November 30, 2023 | Policy Brief

As Iran’s Economy Grows, Inflation Remains an Achilles’ Heel

November 30, 2023 | Policy Brief

As Iran’s Economy Grows, Inflation Remains an Achilles’ Heel

The Statistical Centre of Iran on November 27, 2023, reported a 7.1 percent increase in Iran’s gross domestic product (GDP) between June and August, almost half of which was due to energy sector growth. Relaxed sanctions on the energy sector are now fueling Iran’s economic resurgence.

This summer’s growth followed a similar 7.9 percent GDP increase in the previous quarter, also disproportionately driven by the energy sector, with the service sector contributing as well. The increase in the hydrocarbon sector, which grew 25 percent over the summer following nearly 20 percent growth in the spring, pushed the sector’s share of total GDP to over 15 percent, up from 13 percent over the same period last year.

The service sector remains Iran’s largest, with financial intermediaries driving its gains. By contrast, manufacturing and real estate showed modest gains over the summer and decreased as a share of GDP compared to the same period last year. As the Iranian economy grew, unemployment dropped to an official 7.9 percent, while the labor force participation rate increased, though the true unemployment rate is likely higher.

Ordinary Iranians may not see much benefit from such positive indicators in their daily life. Inflation hovered just short of 45 percent in November, a slight decrease from 49 percent in May but still higher than a year ago. Despite high oil prices over the past year, the government continues to run a substantial budget deficit, which the current drop in oil prices will exacerbate. The rapid expansion of money supply and monetary base suggest the regime prioritizes printing money over sound financial policy, likely ensuring even worse inflation.

The Iranian government has used its increasing resources to fund proxies and fan instability across the region. If Washington wishes to coerce Tehran to restrain its export of terror and revolution, Iran’s struggle with inflation provides opportunity. The Biden administration has worked to dismantle the sanctions wall its predecessor had built, yet targeted sanctions could slash Iranian oil exports and revenue.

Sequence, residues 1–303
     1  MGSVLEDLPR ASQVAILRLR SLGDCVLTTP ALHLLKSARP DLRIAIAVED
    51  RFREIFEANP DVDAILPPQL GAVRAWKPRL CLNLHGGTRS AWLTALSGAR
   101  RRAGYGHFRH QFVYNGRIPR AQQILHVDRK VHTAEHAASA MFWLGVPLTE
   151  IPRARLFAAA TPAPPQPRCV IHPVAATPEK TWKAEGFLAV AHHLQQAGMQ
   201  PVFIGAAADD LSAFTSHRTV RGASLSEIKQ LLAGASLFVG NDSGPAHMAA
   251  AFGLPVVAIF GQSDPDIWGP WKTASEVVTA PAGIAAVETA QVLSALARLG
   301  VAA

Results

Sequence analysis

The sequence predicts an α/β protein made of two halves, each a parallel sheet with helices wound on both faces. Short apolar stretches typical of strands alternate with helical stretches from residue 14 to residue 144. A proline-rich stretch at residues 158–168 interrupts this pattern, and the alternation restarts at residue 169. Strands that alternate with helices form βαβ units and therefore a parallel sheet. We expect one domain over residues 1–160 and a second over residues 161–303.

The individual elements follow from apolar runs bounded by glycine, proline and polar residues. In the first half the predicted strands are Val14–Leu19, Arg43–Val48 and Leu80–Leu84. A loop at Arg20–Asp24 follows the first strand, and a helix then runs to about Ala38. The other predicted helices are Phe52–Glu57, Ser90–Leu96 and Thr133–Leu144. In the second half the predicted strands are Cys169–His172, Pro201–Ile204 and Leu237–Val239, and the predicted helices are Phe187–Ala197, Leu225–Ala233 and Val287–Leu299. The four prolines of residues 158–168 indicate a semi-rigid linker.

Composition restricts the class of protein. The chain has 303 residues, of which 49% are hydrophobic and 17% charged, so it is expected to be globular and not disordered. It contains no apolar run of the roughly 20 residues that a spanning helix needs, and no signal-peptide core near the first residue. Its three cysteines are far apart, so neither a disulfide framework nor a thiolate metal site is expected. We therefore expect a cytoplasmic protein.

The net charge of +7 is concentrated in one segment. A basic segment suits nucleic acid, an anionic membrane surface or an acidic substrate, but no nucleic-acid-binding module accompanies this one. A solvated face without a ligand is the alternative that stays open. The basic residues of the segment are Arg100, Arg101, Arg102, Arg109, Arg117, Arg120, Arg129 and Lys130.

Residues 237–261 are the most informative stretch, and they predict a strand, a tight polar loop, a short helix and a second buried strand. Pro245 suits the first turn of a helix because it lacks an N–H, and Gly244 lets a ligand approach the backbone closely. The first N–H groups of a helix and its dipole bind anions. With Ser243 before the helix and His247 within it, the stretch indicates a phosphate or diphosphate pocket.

By targeting the energy sector, Washington could not only deprive Tehran of much-needed hard currency but also reduce oil production. Iran’s limited capacity for domestic oil storage and consumption would become a critical bottleneck. This, in turn, would have ripple effects on other sectors, such as the service sector. Disrupting Tehran’s evasion of sanctions on petrochemical exports could further amplify Washington’s economic leverage. To that end, the administration should focus on exposing regional networks that facilitate Iran’s illicit trade.

As terrorism and war highlight the danger that the Islamic Republic and its security forces pose to the region, Washington has many policy opportunities short of military coercion to constrain the regime’s ability to divert income to terror proxies. Sometimes, minimal action can exert maximum pressure. Amid high inflation and widespread dissatisfaction within Iran as the regime tries to execute unpopular policies such as raising the retirement age, exerting greater pressure would be logical for the United States.

Saeed Ghasseminejad is a senior advisor on Iran and financial economics at the Foundation for Defense of Democracies (FDD), where he contributes to FDD’s Iran Program and Center on Economic and Financial Power (CEFP). Follow Saeed on X @SGhasseminejad. For more analysis from Saeed and FDD, please subscribe HERE. FDD is a Washington, DC-based, non-partisan research institute focusing on national security and foreign policy.  


Iran Iran Politics and Economy